In order to ensure the “masses” do not get alternative news and information, the Central Intelligence Organisation and police are reportedly seizing donated portable radio sets from villagers in Murehwa’s Chitowa District a move that was started in Gweru where 862 radios were confiscated. Earlier on, there was Operation Dzikisai Madhishi (Bring down satellite dishes).
As long as people are abducted, raped, abused, harassed, terrorised, tortured or murdered for their political beliefs, targeted sanctions remain justified and deserve support of any right thinking Zimbabwean. In fact, the list of individuals banned from travel to the West should be updated as new farm invaders and torturers may have been omitted in the current 200. Furthermore if the Joint Operations Command or securocrats do not relent on violence, the travel ban should be tightened further.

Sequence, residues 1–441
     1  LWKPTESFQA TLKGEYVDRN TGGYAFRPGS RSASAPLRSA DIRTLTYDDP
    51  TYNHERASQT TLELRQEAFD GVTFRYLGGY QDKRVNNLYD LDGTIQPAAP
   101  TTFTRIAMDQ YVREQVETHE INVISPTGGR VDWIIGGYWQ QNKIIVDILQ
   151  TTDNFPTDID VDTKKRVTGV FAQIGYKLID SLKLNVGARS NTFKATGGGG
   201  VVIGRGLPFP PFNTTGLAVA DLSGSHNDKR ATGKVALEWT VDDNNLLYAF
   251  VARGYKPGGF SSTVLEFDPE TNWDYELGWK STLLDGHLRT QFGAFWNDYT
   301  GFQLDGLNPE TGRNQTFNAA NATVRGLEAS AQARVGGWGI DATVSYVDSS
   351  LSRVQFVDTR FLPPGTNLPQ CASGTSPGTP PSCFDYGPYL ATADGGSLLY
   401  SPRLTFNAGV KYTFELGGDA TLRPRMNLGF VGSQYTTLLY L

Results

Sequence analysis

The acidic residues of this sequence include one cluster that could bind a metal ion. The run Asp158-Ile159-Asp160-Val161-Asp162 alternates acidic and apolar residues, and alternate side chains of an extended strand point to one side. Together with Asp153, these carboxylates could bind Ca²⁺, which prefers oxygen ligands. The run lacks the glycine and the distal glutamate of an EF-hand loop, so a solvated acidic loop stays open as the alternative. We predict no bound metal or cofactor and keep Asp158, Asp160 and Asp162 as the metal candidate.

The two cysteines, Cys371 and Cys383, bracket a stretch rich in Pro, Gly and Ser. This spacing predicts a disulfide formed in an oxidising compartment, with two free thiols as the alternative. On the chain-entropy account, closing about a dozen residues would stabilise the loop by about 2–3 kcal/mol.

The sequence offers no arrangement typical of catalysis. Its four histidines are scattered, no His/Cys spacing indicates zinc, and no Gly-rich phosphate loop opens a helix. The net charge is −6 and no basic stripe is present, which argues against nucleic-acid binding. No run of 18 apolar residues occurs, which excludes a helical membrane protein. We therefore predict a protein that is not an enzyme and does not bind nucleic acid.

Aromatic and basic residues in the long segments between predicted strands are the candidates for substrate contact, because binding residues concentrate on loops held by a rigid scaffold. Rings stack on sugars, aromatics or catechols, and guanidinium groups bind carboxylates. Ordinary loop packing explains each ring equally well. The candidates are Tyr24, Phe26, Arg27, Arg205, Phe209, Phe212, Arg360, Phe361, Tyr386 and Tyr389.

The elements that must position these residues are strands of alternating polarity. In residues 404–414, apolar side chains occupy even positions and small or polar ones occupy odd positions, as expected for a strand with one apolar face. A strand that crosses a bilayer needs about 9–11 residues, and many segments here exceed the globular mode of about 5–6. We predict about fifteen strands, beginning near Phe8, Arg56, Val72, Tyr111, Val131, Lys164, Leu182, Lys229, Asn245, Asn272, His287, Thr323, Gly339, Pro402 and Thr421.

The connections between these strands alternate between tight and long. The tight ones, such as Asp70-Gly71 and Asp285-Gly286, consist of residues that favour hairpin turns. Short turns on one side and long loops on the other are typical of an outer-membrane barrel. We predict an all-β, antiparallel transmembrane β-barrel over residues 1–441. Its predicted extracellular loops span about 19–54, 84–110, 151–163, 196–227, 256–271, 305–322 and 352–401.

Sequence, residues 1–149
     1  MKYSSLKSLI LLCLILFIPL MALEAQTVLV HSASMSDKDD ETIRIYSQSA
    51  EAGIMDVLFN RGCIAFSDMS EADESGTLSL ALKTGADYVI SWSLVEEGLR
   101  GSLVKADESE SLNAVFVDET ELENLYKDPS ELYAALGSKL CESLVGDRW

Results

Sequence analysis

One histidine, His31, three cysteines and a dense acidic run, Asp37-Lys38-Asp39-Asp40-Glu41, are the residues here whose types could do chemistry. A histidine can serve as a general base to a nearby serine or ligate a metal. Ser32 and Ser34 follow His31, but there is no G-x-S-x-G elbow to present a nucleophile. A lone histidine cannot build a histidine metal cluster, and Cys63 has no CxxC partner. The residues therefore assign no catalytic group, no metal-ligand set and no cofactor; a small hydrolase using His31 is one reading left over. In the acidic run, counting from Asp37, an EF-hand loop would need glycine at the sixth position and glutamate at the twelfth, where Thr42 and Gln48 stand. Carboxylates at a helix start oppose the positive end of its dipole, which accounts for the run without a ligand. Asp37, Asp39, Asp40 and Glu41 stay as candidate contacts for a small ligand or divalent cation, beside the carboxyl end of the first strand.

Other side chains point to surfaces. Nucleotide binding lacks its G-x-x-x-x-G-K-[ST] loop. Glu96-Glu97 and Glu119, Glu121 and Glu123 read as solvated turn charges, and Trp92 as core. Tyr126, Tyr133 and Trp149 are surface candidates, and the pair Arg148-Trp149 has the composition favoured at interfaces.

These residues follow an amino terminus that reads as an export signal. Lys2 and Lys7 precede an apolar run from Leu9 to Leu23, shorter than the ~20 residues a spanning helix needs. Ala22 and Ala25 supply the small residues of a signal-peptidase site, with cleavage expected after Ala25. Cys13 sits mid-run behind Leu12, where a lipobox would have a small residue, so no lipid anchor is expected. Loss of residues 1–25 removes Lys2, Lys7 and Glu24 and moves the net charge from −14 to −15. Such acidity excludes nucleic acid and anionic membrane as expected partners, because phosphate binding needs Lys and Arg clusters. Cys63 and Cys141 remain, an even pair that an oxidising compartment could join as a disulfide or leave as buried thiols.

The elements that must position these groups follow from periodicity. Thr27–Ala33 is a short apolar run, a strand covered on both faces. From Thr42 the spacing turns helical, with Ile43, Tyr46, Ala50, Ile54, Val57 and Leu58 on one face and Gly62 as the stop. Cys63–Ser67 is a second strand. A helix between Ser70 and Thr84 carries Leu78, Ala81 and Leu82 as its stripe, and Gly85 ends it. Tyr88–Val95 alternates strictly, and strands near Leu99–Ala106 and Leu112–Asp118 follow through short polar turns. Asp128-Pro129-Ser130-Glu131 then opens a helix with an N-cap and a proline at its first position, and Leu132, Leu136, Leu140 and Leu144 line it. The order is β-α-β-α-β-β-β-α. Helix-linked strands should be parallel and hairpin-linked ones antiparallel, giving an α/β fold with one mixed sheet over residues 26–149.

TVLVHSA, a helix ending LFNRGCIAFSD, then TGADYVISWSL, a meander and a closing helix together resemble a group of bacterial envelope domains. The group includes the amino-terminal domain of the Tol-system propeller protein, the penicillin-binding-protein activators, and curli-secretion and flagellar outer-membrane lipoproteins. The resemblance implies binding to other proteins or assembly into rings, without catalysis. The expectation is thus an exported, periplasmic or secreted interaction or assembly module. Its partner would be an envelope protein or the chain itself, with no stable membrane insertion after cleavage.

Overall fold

Mugabe and his allies know very well the Shona saying that “kurumwa nechokuchera” (if you dig a hole, you get bitten e.g. by a snake). Its good that smart sanctions are really biting despite Zanu-pf propaganda. They must embrace and implement core democratic values of good political governance in Zimbabwe without hesitation, sooner rather than later.
Politically blackmailing opponents will only make the sanctions bite harder, fortunately. There is nothing illegal about targeted sanctions as touted by Jonathan Moyo because banning unwelcome visitors to your country is the sovereign right of any government including the UK, USA, Australia, Canada and the EU not forgetting Zimbabwe but only after democratic, free and fair, UN supervised elections of course!
Until there is real progress in Zimbabwe, targeted sanctions must stay. According to Harold Wilson, “The only human institution which rejects progress is the cemetery” (Quotegarden, 29/10/10)
Clifford Chitupa Mashiri, Political Analyst, London, email@example.com